Aims of Lymphoedema Surgery
Depending on whether the affected limb is predominantly fluid or fat determines which lymphoedema surgical procedure is optimal for the patient. Supermicrosurgical or Microsurgical procedures are performed when the limb is predominantly fluid in nature. Super microsurgery is anastomosis of vessels smaller than 0.6mm in diameter. Size of lymph vessels in LVA surgery is usually between 0.3-0.5mm in diameter.
Liposuction is performed when the affected limb is predominantly composed of fatty tissue.
Lymphaticovenous Anastomosis is an extremely specialised and time consuming procedure that requires high levels of surgical expertise.
The lymph vessel is bypassed to a nearby vein restoring the lymph flow back to the venous system. Surgery is performed under high magnification (x35). The patient is usually able to return home the following day after surgery.
Typically 2-3 LVAs are performed per limb.
When is LVA Surgery offered?
Lymph Node Transfer
Lymph nodes may act as a sponge to absorb lymphatic fluid and direct it to the blood vessels. Lymph nodes are harvested (usually from the axilla, groin or neck) and these are used to replace the damaged lymph nodes. Transferred nodes may induce growth of new lymphatic vessels in 12-18 months.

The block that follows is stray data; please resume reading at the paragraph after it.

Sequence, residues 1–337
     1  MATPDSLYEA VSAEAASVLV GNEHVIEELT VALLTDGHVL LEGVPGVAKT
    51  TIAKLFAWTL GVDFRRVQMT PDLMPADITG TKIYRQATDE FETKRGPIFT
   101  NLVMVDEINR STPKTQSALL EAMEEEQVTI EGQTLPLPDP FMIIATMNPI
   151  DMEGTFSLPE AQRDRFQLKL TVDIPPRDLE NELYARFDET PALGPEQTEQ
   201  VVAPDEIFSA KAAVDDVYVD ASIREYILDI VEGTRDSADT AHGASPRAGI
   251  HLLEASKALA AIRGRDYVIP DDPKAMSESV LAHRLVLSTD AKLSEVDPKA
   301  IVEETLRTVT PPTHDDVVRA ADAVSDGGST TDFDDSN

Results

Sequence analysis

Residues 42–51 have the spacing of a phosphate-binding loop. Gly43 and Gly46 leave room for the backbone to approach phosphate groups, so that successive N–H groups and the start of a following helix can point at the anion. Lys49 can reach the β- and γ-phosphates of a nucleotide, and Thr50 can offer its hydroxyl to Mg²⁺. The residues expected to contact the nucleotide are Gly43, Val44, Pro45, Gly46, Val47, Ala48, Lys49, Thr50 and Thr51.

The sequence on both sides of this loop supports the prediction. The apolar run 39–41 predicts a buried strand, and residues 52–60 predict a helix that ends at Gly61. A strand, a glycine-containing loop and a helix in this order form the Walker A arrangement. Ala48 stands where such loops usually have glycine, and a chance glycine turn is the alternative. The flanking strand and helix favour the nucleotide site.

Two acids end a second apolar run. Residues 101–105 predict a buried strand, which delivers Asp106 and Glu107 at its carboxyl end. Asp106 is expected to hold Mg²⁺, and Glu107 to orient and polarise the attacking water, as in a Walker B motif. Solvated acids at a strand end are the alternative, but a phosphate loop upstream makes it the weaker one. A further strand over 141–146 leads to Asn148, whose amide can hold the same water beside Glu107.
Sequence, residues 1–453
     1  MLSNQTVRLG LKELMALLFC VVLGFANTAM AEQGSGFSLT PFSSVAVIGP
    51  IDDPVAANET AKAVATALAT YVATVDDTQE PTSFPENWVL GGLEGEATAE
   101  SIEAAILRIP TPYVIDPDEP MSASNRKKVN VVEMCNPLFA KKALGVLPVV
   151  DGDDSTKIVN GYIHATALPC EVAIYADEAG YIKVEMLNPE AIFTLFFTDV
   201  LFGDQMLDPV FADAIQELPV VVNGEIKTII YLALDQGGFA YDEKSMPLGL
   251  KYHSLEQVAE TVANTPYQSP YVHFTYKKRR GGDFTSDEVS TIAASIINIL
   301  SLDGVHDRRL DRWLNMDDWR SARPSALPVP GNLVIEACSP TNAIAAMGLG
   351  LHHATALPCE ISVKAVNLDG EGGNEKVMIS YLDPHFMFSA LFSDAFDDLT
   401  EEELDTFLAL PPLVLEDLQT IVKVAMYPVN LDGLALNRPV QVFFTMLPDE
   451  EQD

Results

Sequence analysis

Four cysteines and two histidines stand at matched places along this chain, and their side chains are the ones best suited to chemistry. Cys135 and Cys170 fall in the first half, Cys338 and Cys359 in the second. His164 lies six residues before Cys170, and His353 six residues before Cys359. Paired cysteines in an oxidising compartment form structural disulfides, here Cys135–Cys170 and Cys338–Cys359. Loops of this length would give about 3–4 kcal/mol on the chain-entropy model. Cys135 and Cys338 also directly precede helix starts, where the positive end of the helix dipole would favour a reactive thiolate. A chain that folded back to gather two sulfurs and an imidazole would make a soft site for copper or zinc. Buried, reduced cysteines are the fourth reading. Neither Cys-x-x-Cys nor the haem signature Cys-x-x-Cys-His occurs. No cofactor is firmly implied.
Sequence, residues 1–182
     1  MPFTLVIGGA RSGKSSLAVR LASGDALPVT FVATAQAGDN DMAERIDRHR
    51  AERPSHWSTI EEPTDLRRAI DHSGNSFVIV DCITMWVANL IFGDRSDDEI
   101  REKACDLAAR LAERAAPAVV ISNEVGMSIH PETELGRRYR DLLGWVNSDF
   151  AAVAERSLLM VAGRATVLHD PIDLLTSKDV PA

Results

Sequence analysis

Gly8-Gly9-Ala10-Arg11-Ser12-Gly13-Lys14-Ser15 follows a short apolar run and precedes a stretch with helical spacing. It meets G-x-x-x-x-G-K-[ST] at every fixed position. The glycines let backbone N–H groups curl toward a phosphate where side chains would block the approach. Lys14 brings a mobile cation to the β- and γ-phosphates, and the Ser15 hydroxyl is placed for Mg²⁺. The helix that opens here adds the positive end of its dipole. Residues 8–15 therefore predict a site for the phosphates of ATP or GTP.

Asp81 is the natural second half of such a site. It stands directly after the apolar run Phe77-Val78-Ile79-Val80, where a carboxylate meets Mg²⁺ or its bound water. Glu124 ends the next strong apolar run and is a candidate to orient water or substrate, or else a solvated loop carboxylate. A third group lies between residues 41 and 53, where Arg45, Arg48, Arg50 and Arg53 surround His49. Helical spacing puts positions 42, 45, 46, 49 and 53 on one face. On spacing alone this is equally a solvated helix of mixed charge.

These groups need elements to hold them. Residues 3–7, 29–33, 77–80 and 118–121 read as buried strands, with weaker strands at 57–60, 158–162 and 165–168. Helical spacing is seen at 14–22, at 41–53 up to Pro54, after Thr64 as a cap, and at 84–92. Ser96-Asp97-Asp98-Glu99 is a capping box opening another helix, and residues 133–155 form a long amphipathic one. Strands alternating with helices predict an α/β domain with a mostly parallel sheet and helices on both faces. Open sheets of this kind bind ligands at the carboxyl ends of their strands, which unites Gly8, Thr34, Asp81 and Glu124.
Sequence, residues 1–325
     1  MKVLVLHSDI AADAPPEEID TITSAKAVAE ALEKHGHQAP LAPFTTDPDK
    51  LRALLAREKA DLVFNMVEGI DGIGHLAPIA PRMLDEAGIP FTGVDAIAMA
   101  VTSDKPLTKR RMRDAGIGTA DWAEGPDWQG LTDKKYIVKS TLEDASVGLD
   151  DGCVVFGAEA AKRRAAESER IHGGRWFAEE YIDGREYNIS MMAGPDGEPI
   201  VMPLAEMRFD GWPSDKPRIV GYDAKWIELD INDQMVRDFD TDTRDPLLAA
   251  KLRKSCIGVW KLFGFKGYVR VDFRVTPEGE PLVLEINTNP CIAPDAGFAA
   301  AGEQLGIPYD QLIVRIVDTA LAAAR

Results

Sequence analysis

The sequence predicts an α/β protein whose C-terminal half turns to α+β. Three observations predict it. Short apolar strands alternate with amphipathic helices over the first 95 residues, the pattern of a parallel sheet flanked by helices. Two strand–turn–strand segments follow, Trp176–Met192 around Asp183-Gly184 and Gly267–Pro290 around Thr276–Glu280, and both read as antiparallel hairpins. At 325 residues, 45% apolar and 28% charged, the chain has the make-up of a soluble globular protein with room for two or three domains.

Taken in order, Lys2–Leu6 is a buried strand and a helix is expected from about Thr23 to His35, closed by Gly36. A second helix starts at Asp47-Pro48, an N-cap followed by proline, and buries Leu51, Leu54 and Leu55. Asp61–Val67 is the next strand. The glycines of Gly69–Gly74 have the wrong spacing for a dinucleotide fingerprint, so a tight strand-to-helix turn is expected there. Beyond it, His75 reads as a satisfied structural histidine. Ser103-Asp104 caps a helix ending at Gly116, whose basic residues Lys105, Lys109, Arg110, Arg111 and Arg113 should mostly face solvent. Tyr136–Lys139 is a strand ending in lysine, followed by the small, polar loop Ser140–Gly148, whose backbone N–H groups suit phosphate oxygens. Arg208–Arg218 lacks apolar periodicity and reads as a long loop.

Is there a risk of developing lymphoedema after lymph node transfer?
Reverse Lymphatic Mapping is utilised to prevent lymphoedema of the donor limb after lymph node harvest. Lymphoscintigraphy (nuclear medicine scan) is performed to identify lymph nodes draining the donor limb. These lymph nodes are preserved in lymph node harvest, thus preventing lymphoedema of the donor limb.
In Lymphoedema, excess limb volume without pitting oedema equates to excess fatty tissue. Conservative treatment and microsurgical procedures cannot remove excess fatty tissue.
Excess fat can be removed by liposuction to restore the form and function of the limb. Lifelong use (23.5 hours/day) of custom-made compression garments is mandatory for maintaining the effect of surgery.